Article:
What prompted the government in pushing for the rationalization program despite some criticisms and even cynicisms particularly from the skeptics? David offered four reasons: first, to make the government do the right things (efficiency); second, to do the things in the right or best way (effectiveness); third, to be able to do the right things in the right way within affordable levels (affordability); and fourth, to be able to achieve these in the most accountable, transparent manner as possible (accountability). These served as the four guiding principles of the Rationalization Program. David further expounds on these principles and said that e ffectiveness means that there is a need to focus on government efforts on its vital and core functions. This is indeed a good strategy to achieve medium-term strategies and to avoid expenditures and time to those functions that the governmentshould not enter into. Efficiency is achieved through answering the question: “What do we want to do?” Through the methods of rationalization of service delivery support systems, organizational structure, and right staffing; the government then could provide an individual agency performance. The principle of affordability states that expenditures must be based on allowable existing resources. Therefore, the necessary rationalization will have to go together with the kind of economic situation the government agencies are in, with consideration on how much they can afford. To assure accountability, the method of reporting that should be practiced by the government must be clear, observable and verifiable. In October 4, 2004, the Department of Budget and Management (DBM) and the Civil Service Commission (CSC) pursued the Rationalization Program as mandated in EO 366. According to DBM, EO 366 directs all departments/agencies of the executive branch to conduct a strategic review of their operations and organizations for purposes of focusing government purposes on its vital functions and channeling government resources to these core public functions, and improving the efficiency of government services, within affordable levels, and in the most accountable manner. (See table 3 for the status of the rationalization program as of April 2008). DBM’s task, according to David (as cited in DGF 2005), is to look at a two-track approach in ensuring the effective delivery of government service. The first track of reengineering the bureaucracy is through legislative measures and the second track is the administrative rationalization of the government.
This report has briefly presented the history, evolution, and context of the development of public administration practice and study in the Philippines. It has endeavored to present a discussion of the shaping of Philippine bureaucracy and the various influences that guided it into its present form, from the pre-colonial era to the colonial periods up to the present. In order to provide a better apprecia- tion of the development of bureaucracy as an institution in the country, the form and context by which this development shaped has also been presented. The history of PA of the country was discussed to provide a brief, perhaps passing, appreciation of the country as a whole. The prevailing values and norms practiced by the bureaucracy in the Philippines were also discussed to account for what the public administration in the Philippines has become and the forces that shaped it into becoming the institution it is in its present form,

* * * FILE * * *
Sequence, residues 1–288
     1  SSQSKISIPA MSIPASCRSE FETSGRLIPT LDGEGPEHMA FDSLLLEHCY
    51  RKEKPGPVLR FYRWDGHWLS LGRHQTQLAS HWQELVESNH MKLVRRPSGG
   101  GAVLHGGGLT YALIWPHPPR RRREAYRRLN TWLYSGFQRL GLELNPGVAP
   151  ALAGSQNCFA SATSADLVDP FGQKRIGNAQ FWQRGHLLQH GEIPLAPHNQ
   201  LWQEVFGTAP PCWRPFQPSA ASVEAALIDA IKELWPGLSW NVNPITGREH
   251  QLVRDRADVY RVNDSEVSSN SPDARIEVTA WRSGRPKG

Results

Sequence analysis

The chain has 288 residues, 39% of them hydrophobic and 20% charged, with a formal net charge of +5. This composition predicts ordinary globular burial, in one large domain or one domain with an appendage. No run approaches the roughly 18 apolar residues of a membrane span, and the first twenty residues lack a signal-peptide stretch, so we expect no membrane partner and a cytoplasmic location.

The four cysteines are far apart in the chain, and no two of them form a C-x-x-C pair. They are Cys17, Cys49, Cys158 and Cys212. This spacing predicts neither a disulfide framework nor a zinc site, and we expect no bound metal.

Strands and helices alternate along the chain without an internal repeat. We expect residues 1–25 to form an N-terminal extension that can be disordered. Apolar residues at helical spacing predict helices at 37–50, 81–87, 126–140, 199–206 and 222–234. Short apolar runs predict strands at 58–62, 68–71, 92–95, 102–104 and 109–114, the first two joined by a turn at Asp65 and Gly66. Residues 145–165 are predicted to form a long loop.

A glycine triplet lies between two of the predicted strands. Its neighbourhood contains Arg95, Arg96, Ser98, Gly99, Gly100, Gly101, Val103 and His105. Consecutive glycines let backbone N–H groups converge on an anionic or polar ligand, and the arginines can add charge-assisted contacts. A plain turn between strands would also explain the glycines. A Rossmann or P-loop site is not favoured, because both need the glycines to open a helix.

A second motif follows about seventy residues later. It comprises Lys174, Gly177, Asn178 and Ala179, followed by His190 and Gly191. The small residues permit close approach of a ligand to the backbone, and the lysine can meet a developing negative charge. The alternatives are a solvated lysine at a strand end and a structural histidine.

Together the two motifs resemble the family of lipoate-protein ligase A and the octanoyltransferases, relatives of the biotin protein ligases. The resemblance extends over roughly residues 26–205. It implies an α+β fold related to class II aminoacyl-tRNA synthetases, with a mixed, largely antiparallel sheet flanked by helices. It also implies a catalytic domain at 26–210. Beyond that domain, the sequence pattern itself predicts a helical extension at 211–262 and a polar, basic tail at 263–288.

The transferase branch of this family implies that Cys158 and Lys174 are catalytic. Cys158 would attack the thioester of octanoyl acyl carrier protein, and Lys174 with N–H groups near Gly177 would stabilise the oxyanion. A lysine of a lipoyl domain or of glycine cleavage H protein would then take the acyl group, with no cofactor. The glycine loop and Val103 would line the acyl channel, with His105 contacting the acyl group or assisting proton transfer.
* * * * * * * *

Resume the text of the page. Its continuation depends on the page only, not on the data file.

Trends in Public Administration v2
<ul><li>TRENDS IN </li></ul><ul><li>PUBLIC ADMINISTRATION </li></ul>
Overview of Trends in Public Administration Evolution of Paradigms Modern Phase Traditional/ Classic Phase Paradigm 1 :. Politics/ Administration Dichotomy, 1900 - 1926 <ul><li>Paradigm 2: . The Principles of Administration, 1926 -1937 </li></ul><ul><li>Period of Orthodoxy </li></ul><ul><li>Scientific Management </li></ul><ul><li>Bureacracy </li></ul><ul><li>POSDCORP </li></ul><ul><li>Administrative Behavior </li></ul>Paradigm 3 :. Public Administratrion as Political Science, 1950 - 1970 Paradigm 4 : Development Administration, 1950 - 1960 Paradigm 5 : New Public Administration, 1970 Paradigm 8 : From Government to Governance: 1990 - present Paradigm 6 : New Public Management, 1980 - 1990 Paradigm 7 : Reinventing Government, 1990
MODERN PHASE Paradigm 4: Development Administration 1950-1960
Paradigm 4: Development Administration 1950 - 1960 Philippine Context
Client oriented Non-Bureaucratic Participatory Decentralized Paradigm 5: New Public Administration 1960s to 19702
Paradigm 5: New Public Administration 1960s to 1970s Philippine Context
Source: Osborne and Gaebler 1992 MODERN PHASE 1980s to 1990s Paradigm 6 & 7: New Public Management and Reinventing Gov’t. 1. Catalytic Government 2. Community-owned Government 3. Competitive Government 4. Mission-driven Government 5. Results-oriented Government 6. Customer-driven Government 7. Enterprising Government 8. Anticipatory Government 9. Decentralized Government 10. Market-oriented Government
Source: Anwar, Shah New Public Management Basic Elements of New Public Management Strategies Paradigm 6 & 7: New Public Management and Reinventing Gov’t. Result Strategic Planning Flexibility Incentives
T he exercise of political, economic and administrative authority to manage a nation’s affair. It embraces all the methods- good and bad that societies use to distribute power and manage public resources and problems – UNDP 1997 Sound development management with four (4) key principles such as; accountability, participation, predictability and transparancy – ADB 2005 Integrating information technology, internal and external processes Paradigm 8 : From Government to Governance 1990 - present PRESENT Good Governance FUTURE E-Governance PAST Governance
T he exercise of political, economic and administrative authority to manage a nation’s affair. It embraces all the methods- good and bad that societies use to distribute power and manage public resources and problems – UNDP 1997 Advocate and introduced Paradigm 8 : From Government to Governance 1990 - present 1990 Governance
Sound development management with four (4) key principles such as; accountability, participation, predictability and transparancy – ADB 2005 Paradigm 8 : From Government to Governance 1990 - present PRESENT Good Governance
Integrating information technology, internal and external processes Paradigm 8 : From Government to Governance 1990 - present FUTURE E-Governance
The Philippines: a Brief Background Embedded video